I know for a fact based on my experience, the idea of Philosopher Kings (or queens, I suppose – or shall we go gender neutral with Philosopher Monarchs?) is quite popular in academia. Many people do appear to believe even greater authority should be given to higher educational institutions, despite the lack of evidence for this being a sound and strategic element of political decision-making. This is quite a common point of view, I used to believe this too, and if you’ve not cottoned on yet – this view is extreme and rather terrifying.

Do these people think removing layers of democracy to put the most intelligent people in charge will reduce the amount of corruption in our politics? They need to think again. Do they believe handing over all of our power and individual human sovereignty to a collective of status-seeking and flawed people will allow us more freedom than we already have? I call bullshit on their beliefs. Do they hope society will progress quicker and in more of a linear fashion if we just roll over and trust the powers that be? It’s nice to have hopes and dreams.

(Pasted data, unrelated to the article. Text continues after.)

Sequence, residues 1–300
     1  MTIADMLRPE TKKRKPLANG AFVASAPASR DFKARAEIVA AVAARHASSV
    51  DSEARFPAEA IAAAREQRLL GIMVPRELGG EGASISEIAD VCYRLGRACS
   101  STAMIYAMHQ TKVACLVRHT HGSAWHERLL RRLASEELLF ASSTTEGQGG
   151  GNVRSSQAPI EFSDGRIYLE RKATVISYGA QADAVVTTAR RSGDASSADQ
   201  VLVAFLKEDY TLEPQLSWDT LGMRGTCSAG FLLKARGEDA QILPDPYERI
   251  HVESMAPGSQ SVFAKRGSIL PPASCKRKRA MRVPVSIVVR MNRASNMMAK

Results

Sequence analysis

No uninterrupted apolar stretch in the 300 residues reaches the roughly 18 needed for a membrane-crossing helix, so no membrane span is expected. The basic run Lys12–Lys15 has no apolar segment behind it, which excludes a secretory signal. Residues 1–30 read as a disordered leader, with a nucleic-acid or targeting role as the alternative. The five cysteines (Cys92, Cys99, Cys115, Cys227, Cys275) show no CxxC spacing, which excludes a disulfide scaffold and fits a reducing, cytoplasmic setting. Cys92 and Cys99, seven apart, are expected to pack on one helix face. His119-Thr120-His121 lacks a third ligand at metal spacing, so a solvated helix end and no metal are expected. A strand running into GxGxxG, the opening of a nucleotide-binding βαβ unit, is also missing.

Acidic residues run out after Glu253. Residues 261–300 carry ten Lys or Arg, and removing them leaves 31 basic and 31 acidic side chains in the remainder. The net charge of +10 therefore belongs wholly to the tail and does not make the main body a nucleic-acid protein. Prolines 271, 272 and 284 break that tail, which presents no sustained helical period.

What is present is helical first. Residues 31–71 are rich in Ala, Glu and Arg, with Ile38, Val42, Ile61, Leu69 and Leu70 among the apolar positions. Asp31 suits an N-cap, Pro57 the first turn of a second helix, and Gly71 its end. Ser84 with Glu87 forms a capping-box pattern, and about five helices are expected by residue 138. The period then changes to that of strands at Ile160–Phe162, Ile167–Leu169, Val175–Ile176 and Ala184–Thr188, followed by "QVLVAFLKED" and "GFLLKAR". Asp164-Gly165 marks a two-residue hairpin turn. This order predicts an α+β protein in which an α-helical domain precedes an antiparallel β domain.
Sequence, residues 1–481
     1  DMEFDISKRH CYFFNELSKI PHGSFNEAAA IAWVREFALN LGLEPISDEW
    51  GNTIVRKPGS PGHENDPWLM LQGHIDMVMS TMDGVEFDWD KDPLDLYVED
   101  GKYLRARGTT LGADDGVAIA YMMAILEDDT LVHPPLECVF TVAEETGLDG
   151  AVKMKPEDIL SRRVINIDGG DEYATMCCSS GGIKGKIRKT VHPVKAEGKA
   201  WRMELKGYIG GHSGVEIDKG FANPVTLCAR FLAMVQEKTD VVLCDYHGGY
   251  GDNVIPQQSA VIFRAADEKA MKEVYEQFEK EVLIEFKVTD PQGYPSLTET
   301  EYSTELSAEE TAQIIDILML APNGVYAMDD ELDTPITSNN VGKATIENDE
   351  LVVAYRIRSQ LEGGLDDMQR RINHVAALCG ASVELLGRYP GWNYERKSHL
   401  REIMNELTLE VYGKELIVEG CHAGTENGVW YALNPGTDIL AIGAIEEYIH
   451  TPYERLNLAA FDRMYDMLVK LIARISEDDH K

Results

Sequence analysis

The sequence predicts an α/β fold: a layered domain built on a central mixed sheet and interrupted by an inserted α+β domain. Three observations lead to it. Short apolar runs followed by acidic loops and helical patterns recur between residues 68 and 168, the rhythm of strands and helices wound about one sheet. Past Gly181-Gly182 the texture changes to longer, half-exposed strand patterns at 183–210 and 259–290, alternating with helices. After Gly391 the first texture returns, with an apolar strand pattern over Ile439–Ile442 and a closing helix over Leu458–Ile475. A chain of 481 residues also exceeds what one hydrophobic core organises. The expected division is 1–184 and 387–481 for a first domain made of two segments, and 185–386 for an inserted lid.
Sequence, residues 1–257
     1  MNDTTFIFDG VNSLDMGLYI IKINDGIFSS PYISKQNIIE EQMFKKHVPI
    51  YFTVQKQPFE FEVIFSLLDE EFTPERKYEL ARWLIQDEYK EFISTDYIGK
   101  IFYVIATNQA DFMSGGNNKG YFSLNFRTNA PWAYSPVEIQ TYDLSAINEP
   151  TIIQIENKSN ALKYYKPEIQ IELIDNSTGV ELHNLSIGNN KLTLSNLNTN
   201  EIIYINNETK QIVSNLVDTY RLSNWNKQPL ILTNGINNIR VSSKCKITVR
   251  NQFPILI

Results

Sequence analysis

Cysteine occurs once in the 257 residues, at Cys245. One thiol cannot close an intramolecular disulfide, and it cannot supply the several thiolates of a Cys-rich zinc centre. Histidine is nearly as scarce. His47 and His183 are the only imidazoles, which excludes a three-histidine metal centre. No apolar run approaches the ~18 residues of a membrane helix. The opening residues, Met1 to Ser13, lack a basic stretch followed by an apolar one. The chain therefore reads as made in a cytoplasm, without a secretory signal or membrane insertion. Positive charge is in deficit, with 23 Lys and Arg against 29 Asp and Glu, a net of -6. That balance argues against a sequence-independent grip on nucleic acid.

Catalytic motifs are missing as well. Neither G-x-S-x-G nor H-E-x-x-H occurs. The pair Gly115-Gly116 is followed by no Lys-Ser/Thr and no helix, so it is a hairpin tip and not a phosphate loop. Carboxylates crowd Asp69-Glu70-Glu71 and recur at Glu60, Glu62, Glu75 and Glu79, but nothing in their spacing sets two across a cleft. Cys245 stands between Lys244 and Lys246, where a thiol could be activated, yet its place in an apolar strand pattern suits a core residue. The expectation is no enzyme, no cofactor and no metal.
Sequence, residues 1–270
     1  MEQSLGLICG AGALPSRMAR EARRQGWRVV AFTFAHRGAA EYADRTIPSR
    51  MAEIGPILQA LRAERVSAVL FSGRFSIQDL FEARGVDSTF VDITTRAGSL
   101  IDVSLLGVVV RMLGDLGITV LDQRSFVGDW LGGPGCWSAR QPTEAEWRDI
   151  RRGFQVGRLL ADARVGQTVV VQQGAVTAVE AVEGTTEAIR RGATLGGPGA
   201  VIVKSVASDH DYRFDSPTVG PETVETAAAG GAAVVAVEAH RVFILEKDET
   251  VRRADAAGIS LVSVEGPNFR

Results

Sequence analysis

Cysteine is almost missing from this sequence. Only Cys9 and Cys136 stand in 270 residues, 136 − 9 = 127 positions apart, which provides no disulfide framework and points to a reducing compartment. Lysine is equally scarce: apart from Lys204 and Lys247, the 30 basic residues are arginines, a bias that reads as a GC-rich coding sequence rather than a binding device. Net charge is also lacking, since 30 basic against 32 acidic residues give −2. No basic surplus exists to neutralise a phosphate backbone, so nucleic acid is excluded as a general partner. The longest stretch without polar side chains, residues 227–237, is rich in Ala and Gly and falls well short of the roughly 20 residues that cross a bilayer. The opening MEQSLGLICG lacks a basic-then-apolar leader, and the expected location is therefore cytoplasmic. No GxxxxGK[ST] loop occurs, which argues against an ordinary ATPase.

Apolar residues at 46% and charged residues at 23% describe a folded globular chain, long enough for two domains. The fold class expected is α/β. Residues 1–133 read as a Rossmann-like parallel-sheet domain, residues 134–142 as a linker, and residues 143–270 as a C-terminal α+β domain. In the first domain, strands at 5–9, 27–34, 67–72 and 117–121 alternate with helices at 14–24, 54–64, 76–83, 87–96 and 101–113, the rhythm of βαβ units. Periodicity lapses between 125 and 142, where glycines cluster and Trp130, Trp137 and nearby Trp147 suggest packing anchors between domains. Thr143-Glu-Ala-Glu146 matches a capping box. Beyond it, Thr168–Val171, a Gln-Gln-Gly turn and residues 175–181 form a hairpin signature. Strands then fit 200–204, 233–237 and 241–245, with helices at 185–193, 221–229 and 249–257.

What happened within Government when they took extra powers to deal with the COVID-19 virus? They somehow simultaneously became more corrupt than they already were – with billions of pounds in taxpayer’s contributions siphoned off and wasted to line the pockets of a contingent of Cabinet Minister’s mates and family members. These are highly educated people, let’s not forget. They then got a taste for blood, I mean authoritarian power, and this explains why they’ve restricted protest and dissent, introduced voter ID laws despite negligible voter fraud, and decided the best thing to do about refugees on our shores fleeing famine, torture, persecution, and genocide is to send them to Rwanda… I’ll repeat that for effect… Rwanda. 

It’s not just them either. The Labour MPs by and large have embraced academic theories such as Gender, Queer Theory, and Critical Theory as incontrovertible truths as if they were teenagers on Tumblr. If you disagree with their liberal opinions, which are based on contentious and unresolved academic theories, then you’re a bigot – you’re evil. This also sounds remarkably similar to the attitudes and rhetoric of the Nazis in the 1930s, and demonstrates the cognitive dissonance which lures academics, graduates, and social media users down the road to fascism.